Swinging between anecdotes in 1950s Tinseltown
Hollywood famously loves stories about itself. Just check recent Oscar-winning movies The Shape of Water or Argo. Even the blacklist period, one of the least valorous in filmmaking history, has been reframed as a triumphant narrative in movies such as Good Night, and Good Luck and Trumbo.
More gimlet-eyed treatments generally have appeared in book form. A couple of years ago screenwriter Ed Brubaker released The Fade Out, a series of comics in which the hero, a screenwriter with writer’s block, passes off as his own the work of his blacklisted best friend. Now we have Black Sunset: Hollywood Sex, Lies, Glamour, Betrayal & Raging Egos, Clancy Sigal’s memoir of being a talent agent working for the Sam Jaffe Company in the 1950s.
Sigal died in July 2017, aged 90. This book, published not long before his death, is a series of scattershot recollections, loosely connected.
Sigal repeats himself in a way that suggests the chapters were written with long intervals between. Conversations attributed to James Dean, Barbara Stanwyck and others are “reimagined”, something to which the author readily owns up. This relaxed approach to factual accuracy feels honest to the spirit of a book about Hollywood hustle.
Chicago-born to Jewish parents, Sigal was a US Army sergeant in occupied Germany after World War II. He has said the high point was absconding from his barracks and going to the Nuremberg trials with the intention of killing Hermann Goering. But military police confiscated his rifle.
He returned to the US needled by that failure, and the antiSemitism of the McCarthyites is one reason he was determined to stick it to them. Attending the University of California, Los Angeles as a war vet beside bobby-sox-wearing Breck girls was, he writes, like stepping into a Busby Berkeley musical. A recurring theme in this memoir is the degree to which Sigal’s frame of reference is the movies, even before he joined the business.
Young Clancy aped James Cagney and Robert Mitchum’s physicality and Clark Gable’s wisecracking. He tells us not once but twice that his white stucco apartment complex was a dead ringer for Humphrey Bogart’s in Nicholas Ray’s In a Lonely Place.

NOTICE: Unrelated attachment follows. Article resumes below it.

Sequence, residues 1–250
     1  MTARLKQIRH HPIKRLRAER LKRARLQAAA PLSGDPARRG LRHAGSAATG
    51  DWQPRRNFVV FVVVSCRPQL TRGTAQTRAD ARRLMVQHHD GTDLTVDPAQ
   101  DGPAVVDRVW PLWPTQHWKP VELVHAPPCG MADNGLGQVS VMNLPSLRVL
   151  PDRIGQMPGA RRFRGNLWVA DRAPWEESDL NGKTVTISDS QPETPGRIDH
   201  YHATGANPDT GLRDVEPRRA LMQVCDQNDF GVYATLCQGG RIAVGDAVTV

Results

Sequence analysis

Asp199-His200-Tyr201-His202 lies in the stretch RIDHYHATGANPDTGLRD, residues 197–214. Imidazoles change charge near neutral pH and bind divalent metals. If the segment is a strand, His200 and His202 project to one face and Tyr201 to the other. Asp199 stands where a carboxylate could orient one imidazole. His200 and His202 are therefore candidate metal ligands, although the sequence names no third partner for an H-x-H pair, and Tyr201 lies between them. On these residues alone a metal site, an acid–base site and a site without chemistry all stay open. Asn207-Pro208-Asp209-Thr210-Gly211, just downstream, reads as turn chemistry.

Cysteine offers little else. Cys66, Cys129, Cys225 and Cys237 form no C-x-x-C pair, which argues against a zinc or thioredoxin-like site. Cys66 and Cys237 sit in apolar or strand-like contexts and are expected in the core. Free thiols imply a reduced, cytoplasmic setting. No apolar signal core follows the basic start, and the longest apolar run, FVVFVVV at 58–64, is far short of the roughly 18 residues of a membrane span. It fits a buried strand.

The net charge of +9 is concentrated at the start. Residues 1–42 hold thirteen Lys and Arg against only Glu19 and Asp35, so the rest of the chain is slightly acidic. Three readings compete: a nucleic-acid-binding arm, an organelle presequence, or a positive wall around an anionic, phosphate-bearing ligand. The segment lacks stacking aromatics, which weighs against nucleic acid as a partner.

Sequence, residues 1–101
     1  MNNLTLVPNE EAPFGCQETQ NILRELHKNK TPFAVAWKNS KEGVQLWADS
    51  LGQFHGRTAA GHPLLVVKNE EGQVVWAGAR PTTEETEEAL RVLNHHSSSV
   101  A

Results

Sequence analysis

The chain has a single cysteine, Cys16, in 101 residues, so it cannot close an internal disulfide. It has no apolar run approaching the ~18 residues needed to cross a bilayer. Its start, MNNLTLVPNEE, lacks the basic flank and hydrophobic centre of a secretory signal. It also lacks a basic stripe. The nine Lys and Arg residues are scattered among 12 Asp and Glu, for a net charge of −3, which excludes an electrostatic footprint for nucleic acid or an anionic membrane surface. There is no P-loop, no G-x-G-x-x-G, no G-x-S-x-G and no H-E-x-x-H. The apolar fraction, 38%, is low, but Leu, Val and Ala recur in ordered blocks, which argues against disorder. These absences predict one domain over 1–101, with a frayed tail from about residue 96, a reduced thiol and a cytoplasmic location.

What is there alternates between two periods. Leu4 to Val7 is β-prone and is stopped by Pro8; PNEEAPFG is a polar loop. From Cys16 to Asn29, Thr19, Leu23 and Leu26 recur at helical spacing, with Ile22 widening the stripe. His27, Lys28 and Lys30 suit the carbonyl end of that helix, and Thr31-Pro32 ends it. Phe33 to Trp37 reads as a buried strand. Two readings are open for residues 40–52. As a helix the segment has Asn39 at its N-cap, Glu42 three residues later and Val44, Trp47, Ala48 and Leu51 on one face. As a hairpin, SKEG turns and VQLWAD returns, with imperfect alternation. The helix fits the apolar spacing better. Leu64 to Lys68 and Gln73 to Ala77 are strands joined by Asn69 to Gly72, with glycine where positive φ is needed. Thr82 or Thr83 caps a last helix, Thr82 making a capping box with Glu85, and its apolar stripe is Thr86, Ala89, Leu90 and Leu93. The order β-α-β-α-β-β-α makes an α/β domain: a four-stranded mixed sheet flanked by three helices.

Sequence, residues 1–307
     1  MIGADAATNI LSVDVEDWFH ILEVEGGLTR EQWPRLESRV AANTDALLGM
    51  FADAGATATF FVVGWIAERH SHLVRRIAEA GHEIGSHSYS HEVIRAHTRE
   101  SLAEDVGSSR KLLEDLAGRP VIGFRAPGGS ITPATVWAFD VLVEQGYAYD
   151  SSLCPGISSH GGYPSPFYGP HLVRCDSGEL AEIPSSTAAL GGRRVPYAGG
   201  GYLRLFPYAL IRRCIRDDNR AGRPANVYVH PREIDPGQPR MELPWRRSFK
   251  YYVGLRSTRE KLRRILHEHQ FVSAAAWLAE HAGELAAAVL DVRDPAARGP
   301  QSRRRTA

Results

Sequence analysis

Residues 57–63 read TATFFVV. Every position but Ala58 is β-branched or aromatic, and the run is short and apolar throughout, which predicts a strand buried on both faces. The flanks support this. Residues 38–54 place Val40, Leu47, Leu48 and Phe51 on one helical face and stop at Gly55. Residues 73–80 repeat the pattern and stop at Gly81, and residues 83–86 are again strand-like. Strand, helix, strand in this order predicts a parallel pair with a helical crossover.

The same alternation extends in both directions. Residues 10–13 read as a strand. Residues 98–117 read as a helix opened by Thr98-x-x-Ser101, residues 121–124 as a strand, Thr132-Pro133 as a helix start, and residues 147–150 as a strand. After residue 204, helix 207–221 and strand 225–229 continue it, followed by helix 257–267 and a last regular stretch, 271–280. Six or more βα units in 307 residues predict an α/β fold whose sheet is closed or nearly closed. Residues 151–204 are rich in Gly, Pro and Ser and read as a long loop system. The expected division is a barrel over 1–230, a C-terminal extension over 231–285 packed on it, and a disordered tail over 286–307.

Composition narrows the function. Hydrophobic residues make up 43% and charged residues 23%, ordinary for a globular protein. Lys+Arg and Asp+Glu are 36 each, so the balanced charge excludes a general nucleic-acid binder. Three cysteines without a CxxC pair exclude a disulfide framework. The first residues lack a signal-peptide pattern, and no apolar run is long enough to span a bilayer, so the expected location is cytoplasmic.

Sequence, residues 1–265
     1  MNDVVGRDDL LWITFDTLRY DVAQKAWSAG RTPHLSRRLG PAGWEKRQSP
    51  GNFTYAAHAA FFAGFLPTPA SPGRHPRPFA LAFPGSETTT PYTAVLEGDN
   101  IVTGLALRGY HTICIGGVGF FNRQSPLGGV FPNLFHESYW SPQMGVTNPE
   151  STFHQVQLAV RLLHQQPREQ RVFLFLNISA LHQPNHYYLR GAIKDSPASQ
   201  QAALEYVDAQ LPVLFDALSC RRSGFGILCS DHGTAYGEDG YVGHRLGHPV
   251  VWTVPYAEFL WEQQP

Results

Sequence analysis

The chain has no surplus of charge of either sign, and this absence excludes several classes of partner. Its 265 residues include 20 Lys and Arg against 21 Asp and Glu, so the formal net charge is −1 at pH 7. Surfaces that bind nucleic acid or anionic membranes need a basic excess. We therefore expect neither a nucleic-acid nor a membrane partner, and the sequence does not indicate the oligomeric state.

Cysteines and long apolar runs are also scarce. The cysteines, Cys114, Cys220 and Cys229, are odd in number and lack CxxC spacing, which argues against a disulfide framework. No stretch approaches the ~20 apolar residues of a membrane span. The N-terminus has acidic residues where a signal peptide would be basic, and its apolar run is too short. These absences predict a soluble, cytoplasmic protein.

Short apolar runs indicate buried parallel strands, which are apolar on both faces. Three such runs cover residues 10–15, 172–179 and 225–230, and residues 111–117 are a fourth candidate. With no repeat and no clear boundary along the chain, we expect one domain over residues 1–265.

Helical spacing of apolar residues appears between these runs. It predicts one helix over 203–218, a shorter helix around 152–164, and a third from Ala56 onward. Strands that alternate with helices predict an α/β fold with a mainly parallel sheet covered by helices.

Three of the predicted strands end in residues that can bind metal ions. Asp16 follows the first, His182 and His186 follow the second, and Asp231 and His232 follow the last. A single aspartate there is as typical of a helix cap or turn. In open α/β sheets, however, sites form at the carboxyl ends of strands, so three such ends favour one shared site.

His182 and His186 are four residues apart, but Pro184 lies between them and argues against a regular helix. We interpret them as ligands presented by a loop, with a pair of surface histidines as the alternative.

Bogart’s jaded screenwriter in that film could stand in for any of the real-life ones that Sigal represented after he lucked into a job at Jaffe’s agency on Sunset Boulevard. That gig followed brief ones as a reader at Harry Cohn’s Columbia and as a dockyard labourer, both torpedoed by the two FBI agents who followed him everywhere. They’re affectionately nicknamed Mutt and Jeff, after the Bud Fisher strip about two dummies in suits. Sigal w was under scrutiny in part because of his labour-organiser parents and in part because he was a member of a ragtag subversive cell concerned with irritating the government. He scatters leaflets over Hollywood by plane with his b best friend, Ray Kovacs, who disappears only to be rediscovered much later, a gigolo at one of George Cukor’s pool parties.
The gossipy pleasures of Black Sunset are perhaps its chief virtue, w with anecdotes like jungle vines, Sigal leaping from one to another, with nothing in between. Dancing with a drunken Louella Parsons, he looks down to find that the feared gossip hound is urinating on the floor. Those accompanying them, including Jaffe, Bogart and Lauren Bacall, quietly move out of the line of fire, careful not to upset the offending party. Bogart tells the kid to relax. “She does it all the time. Pisses on us.”
If that line sounds too movie-perfect to be true, well, Sigal became a novelist and screenwriter, and his time in the Hollywood salt mines was clearly his apprenticeship. Toiling on behalf of John Fante and Nelson Algren by day, he retreats to his apartment at night to type up Ernest Hemingway in the hope he’ll catch the bug.
His idealism coexists with a willingness to pressure members of his own stable to participate in degrading “clearance” ceremonies, as well as with a great Oedipal complex, about which the older Sigal is breathtakingly upfront. Ditto his recollection of a fellow GI having sex with a 12-year-old German prostitute during the occupation as her brothers looked on from across the street.
The overhang of the war is present on every page. Exiles such as Peter Lorre alternate between German and Yiddish and pine for the Republic. Sigal and his colleagues assemble on the roof of their office to watch a nuclear test on the other side of the San Gabriel Mountains. Following the lightshow — an exclamation mark at the end of Sigal’s own farewell party — the book jumps back in time to the war and his early days in Los Angeles.
That kind of structural skittishness would be fine if there were evidence of an editor, but there is too much repetition and some bad mistakes. The famous exchange from Double Indemnity between Stanwyck and Fred MacMurray (“I wonder if I know what you mean” / “I wonder if you wonder”) becomes “I wonder if you know what I mean”.
Just barely stitching it all together is a sincere love for the pictures. Towards the end Sigal quits the business and moves to London, where he would shack up with Doris Lessing. This is spurred by what he sees as the end of Hollywood’s golden age. The vulgar moguls of old have been replaced by something worse: slick, college-educated hucksters. Sigal himself is one of them, as he admits — and a sacrifice to the movie gods is required. Reporter. is a critic for The Hollywood